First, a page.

Perceiving the world as animals do

Photo credit: Pixabay

by Arline L. Bronzaft, Ph.D., Board of Directors, GrowNYC, Co-founder, The Quiet Coalition, and Honorary Chair, Quiet American Skies

The pandemic, as I wrote earlier, allowed more people to focus on the pleasant environmental sounds around them. Many people are now able to sit in their back yards and listen to the birds and the wind blowing through the trees, instead of running inside due to frequent aircraft noises. I hope that listening to the sounds of nature heightens one’s interest in learning more about the sounds of species other than humans. 

The transcript “Soundscapes from the Insect World,” based on an interview with Ed Yong, science staff writer at The Atlantic, provides a greater incentive to learn more about the sounds of other species and plant life, as listeners are introduced to the sounds of insects as they move around on plants.

Biology professor Rex Cocroft records the sounds of treehoppers, insects who spend their lives moving about on plants. One would normally not be able to hear these treehoppers, but the plants are able to transmit the sounds. We learn from Cocroft that other insects are able to pick up the sounds as well. When someone listens to the soundscape of a treehopper on a single blade of grass, they will also hear the sound of a wren in the background.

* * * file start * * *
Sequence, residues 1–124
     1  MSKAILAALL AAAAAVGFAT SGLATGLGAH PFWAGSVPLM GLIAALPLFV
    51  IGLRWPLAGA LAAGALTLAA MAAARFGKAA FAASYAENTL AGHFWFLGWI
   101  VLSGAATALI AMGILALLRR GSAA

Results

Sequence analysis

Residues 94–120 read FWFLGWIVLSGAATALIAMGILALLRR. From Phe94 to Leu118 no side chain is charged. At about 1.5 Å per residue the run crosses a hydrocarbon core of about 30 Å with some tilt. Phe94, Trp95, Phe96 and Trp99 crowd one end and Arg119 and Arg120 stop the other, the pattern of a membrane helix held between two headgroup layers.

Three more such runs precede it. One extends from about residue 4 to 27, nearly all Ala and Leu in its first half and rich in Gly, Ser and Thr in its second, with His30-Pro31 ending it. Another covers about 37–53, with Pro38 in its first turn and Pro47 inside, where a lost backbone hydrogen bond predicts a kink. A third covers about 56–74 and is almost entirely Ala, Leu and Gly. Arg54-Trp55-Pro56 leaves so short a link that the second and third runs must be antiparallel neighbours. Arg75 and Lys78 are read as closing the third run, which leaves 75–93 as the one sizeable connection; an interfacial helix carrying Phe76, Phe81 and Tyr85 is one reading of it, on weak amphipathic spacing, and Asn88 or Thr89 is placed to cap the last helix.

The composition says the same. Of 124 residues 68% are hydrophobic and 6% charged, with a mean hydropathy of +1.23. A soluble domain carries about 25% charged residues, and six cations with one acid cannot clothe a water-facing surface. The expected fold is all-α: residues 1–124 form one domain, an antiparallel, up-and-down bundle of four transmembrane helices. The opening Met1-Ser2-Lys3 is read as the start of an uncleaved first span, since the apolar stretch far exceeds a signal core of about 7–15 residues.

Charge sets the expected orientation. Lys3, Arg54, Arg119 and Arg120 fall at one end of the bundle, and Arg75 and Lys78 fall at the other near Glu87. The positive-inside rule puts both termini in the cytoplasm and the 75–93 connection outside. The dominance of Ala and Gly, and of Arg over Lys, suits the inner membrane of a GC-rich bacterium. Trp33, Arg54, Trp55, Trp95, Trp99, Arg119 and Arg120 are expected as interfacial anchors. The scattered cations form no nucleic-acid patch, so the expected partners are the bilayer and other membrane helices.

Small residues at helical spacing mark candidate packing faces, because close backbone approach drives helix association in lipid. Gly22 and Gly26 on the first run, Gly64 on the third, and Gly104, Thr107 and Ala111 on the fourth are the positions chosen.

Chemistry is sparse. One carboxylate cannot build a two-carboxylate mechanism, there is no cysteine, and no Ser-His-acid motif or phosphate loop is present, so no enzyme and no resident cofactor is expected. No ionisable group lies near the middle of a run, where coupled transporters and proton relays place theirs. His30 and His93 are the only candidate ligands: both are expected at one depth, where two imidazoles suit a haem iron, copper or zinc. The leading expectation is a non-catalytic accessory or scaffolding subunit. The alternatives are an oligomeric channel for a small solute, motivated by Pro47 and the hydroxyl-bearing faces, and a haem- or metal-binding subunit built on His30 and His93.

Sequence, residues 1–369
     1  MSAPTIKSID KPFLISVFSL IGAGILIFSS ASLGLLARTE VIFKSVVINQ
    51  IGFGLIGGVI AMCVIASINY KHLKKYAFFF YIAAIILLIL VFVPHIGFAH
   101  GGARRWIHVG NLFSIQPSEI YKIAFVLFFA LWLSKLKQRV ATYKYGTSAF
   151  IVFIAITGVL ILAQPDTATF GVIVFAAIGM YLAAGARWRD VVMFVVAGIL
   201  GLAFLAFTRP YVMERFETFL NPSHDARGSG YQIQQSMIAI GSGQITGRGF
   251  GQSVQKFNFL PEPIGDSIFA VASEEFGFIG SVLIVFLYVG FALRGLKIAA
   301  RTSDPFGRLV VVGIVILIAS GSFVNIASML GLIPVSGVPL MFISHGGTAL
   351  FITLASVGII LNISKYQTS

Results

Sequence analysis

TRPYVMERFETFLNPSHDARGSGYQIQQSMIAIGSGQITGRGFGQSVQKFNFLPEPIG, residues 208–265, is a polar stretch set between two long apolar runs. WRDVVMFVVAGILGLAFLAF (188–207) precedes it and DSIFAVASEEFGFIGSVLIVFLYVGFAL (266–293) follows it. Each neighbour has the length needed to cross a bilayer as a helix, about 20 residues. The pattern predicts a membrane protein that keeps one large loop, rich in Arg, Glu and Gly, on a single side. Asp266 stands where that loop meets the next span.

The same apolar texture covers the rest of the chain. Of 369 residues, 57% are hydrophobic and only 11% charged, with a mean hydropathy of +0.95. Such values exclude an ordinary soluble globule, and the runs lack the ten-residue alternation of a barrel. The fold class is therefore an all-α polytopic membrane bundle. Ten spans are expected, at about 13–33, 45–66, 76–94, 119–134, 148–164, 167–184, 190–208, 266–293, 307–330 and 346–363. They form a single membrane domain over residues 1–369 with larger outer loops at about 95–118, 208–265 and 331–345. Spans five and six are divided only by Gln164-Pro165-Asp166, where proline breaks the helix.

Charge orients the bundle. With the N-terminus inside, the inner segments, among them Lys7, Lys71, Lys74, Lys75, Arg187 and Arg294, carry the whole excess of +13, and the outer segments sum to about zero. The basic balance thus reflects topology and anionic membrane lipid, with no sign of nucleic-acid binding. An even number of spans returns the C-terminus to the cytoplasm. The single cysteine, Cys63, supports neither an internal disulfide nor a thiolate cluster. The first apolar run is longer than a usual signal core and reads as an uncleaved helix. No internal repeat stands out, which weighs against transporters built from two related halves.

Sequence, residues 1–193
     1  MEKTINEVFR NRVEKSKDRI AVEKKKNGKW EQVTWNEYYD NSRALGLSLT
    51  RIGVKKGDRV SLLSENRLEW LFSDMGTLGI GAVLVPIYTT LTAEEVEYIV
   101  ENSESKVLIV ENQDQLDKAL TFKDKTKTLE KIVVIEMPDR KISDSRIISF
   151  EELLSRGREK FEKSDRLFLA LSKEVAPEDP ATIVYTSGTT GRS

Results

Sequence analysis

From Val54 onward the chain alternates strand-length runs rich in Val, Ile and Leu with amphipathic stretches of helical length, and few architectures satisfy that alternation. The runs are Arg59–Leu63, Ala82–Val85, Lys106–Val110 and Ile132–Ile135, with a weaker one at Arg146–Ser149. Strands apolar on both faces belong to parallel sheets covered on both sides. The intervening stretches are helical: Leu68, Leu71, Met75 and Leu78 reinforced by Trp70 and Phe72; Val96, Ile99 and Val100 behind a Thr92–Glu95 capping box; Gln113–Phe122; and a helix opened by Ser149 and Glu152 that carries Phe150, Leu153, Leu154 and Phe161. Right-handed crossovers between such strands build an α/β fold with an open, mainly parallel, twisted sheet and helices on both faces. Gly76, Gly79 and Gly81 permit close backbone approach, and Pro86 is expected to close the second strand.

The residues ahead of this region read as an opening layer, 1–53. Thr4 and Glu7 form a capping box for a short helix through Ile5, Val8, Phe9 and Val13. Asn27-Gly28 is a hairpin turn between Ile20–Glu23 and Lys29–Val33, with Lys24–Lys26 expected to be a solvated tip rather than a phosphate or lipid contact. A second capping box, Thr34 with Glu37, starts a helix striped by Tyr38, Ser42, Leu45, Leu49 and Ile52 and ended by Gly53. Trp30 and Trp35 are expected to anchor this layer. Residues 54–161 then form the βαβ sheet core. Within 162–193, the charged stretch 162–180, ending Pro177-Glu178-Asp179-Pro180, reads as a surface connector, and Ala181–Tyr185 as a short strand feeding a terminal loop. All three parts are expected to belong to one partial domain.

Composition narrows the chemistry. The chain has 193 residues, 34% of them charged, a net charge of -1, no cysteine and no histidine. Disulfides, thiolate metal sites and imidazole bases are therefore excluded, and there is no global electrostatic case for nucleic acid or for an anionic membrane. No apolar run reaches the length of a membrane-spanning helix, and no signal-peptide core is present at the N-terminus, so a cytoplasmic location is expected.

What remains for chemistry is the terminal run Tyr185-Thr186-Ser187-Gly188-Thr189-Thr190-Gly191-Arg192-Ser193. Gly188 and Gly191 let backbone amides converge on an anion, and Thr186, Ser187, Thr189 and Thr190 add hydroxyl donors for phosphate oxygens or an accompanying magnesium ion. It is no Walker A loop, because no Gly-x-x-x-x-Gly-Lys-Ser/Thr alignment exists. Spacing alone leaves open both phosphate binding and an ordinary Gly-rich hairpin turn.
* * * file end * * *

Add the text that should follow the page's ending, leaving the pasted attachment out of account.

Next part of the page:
Interestingly, Cocroft notes that treehoppers can pick up the sounds of humans, including loud equipment and vehicles. I wonder how pleased they are about these sounds. The treehoppers live in groups and their sounds allow them to interact and cooperate with each other, Cocroft said. This article also includes the sounds of caterpillars who “munch” on plants and how plants emit chemicals that protect them from caterpillars.  

Listeners will not only be learning about treehoppers, but may also become more aware of how important it is to protect our environment for all species and plants on our planet.  

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